New Rule – Salary Threshold for Overtime-Eligible Employees

October 2, 2019 | Bob Hoffer, DBL Law

U.S. Department of Labor Raises Salary Threshold for Overtime-Eligible Employees

September 24, 2019 – The U.S. Department of Labor issued a final ruling today, raising the salary cut off for employees eligible for overtime to $35,568. The new rate takes effect January 1, 2020.

Under the Fair Labor Standards Act, employees who are exempt from overtime must be paid a salary that is at least the threshold amount while also meeting certain duties tests. Employees who do not meet those minimum requirements must be paid 1.5 times their regular hourly rate for hours worked beyond a 40 hour work week.

This new rule raises the salary threshold to $684 per week from $455 a week, or $35,568 from $23,660 annualized. Employers are expected to reclassify more than a million exempt employees to nonexempt status while raising pay for others to ensure they are above the new threshold.

The ruling also raises the threshold for highly compensated employees from $100,000 annually to $107,432, of which $684 must be paid weekly on a salary or fee basis.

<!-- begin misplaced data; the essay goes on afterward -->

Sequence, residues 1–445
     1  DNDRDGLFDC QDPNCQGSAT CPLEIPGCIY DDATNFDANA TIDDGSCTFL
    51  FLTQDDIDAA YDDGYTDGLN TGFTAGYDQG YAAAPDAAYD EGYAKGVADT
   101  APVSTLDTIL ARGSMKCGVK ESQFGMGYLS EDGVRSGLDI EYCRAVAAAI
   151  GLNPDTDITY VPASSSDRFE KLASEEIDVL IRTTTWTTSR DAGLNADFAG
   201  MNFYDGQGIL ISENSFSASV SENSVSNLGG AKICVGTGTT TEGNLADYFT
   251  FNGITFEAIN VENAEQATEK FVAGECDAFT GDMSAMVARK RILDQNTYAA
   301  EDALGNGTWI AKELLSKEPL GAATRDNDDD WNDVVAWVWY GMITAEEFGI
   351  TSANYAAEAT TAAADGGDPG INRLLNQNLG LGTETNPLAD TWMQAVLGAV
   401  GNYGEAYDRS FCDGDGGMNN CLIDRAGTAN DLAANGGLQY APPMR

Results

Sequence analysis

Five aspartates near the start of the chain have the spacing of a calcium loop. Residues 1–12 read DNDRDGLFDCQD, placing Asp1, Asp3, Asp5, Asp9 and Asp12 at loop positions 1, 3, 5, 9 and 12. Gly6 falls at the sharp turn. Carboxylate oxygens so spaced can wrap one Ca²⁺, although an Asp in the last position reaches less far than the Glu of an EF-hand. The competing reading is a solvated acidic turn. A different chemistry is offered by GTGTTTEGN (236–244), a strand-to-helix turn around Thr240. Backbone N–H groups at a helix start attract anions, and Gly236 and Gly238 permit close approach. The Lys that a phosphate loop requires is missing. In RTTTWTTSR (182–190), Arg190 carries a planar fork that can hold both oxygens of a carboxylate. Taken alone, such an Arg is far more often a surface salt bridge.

For FLSA executive, administrative and professional exemptions employees must perform certain duties and earn at least the salary threshold. However, under a special rule, highly compensated employees are eligible for exempt status if they meet the already-established reduced duties test criteria, namely:

  • Employee’s primary duty must be office or non-manual work.
  • Employee must “customarily and regularly” perform at least one of the bona fide exempt duties of an executive, administrative or professional employee.

The new rule does not include automatic adjustments to the exempt salary threshold, something that was proposed during the Obama administration in 2016.

DBL Law recommends that employers take immediate action by reviewing records of those who are earning below the threshold. “Individual reviews of job duties and salary structure will help determine which positions should be restructured, reclassified to nonexempt or given salary adjustments to ensure compliance with the applicable exemption criteria,” said Bob Hoffer, managing partner.